Liver resections were defined according to Brisbane terminology [13]. ORH was defined as those performed through incisions as J-shape incision, “Chevron” or “Mercedes”. Succinctly, ORH was performed as follows: first, a classical extrahepatic hilar approach or “glissonian approach” was performed. After inflow control, the right hemiliver was fully mobilized including dissection of the hepatic parenchyma from the inferior vena cava after ligation of accessories hepatic veins; at the end of the mobilization right hepatic vein was encircled on a vessel loop. Finally, parenchyma transection was performed following the ischemic line using harmonic scalpel and bipolar forceps. Middle hepatic vein was preserved whenever it was possible without compromising surgical margins. Intermittent Pringle’s maneuver was used if needed in order to reduce operative blood loss.

Laparoscopic resections were performed using 5 or 6 ports located in right hypochondrium. Patients were positioned in a 30-degree reverse-Trendelenburg position and camera was positioned at right midclavicular line. The pneumoperitoneum pressure was set to 12 mmHg. Right pedicle control was performed by classical extrahepatic hilar dissection or extrahepatic “glissonian approach” as previously described [14]. Laparoscopic ultrasound was used to localize intrahepatic lesions and identify vascular structures. Parenchyma transection was performed using harmonic scalpel and bipolar forceps and right hepatic vein was sectioned inside the liver parenchyma using stapler. Surgical specimen was retrieved through a Pfannenstiel incision.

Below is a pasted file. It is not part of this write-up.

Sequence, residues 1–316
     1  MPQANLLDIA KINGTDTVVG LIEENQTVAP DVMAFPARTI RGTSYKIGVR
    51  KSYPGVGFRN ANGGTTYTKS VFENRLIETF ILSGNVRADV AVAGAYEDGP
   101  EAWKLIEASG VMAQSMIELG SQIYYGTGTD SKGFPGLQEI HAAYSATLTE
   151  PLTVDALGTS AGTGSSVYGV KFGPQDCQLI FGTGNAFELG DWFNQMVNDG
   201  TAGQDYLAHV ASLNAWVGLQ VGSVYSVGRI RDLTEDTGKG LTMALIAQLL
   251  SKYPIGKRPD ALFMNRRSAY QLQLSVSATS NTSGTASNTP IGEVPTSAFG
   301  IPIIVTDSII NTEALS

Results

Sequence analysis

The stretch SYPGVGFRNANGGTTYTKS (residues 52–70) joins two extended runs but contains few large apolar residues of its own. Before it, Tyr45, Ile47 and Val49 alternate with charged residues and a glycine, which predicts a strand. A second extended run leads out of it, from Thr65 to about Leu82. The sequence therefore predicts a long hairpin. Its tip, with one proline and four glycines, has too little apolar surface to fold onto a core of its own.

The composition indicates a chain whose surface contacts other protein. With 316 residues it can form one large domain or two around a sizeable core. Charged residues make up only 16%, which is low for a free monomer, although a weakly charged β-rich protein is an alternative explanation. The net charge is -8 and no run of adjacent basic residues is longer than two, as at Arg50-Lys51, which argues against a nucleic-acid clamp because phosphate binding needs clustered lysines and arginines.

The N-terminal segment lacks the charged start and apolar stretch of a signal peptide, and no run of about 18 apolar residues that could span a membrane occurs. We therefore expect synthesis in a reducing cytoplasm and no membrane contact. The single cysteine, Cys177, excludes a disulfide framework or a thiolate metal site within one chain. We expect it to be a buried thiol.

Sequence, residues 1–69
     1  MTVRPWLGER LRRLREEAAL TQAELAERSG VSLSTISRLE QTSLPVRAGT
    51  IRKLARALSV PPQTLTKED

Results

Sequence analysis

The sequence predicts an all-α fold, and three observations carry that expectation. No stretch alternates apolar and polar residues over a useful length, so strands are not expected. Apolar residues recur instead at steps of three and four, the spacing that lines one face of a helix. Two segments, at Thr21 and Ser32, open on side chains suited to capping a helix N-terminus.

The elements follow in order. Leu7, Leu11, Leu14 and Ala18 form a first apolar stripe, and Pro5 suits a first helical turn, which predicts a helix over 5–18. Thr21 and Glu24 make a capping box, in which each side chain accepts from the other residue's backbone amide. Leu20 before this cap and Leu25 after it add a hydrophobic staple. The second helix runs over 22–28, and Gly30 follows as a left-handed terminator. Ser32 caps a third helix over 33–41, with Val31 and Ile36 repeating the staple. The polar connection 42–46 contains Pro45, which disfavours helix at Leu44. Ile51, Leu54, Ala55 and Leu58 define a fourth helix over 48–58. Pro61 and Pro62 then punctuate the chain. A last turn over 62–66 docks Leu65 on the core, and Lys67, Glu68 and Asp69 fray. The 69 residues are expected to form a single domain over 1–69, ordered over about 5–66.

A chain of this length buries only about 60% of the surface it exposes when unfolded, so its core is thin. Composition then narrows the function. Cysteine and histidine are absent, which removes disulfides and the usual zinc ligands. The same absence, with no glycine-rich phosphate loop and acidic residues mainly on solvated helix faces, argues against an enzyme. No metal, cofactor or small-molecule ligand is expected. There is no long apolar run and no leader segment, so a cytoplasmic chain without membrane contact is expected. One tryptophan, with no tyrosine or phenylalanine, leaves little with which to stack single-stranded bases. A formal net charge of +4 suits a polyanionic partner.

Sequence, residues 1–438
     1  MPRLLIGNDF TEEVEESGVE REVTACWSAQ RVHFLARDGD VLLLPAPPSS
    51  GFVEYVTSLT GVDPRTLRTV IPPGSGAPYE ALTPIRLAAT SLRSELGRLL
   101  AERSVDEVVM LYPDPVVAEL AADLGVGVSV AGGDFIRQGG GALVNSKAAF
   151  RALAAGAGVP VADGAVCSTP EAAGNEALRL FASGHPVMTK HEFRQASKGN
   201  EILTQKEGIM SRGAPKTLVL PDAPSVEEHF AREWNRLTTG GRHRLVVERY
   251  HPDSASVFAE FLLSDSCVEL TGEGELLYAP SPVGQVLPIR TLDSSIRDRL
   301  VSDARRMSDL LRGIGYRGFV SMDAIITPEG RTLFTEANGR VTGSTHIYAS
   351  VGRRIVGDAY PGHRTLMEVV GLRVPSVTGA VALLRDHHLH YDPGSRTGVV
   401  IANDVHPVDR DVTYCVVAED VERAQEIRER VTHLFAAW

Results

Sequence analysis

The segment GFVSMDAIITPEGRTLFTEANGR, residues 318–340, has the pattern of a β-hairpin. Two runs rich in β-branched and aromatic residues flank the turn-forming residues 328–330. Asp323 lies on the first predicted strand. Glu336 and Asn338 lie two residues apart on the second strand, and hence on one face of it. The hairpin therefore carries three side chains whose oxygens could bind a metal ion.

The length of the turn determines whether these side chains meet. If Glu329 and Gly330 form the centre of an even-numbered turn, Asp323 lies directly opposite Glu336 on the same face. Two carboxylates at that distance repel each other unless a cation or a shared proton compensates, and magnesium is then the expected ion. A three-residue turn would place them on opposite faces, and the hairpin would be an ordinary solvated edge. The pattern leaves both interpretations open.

Robotic cases were performed using the da Vinci Si Surgical System from Intuitive Surgical Inc. (Sunnyvale, USA) with four robotic arms. Patients were positioned in a 30-degree reverse-Trendelenburg position. A 12-mm trocar was used to place a camera and three 8-mm ports were used for the instrument arms. Inflow vascular structures and the right biliary duct were dissected and then ligated with clips, Hem-o-locks or stapler. After complete right hemiliver mobilization, the liver parenchyma was divided with a combination of harmonic scalpel and the bipolar forceps. A “drop-in” ultrasound was used to localize intrahepatic lesions and identify vascular structures. Finally, right hepatic vein was sectioned inside the liver parenchyma using stapler.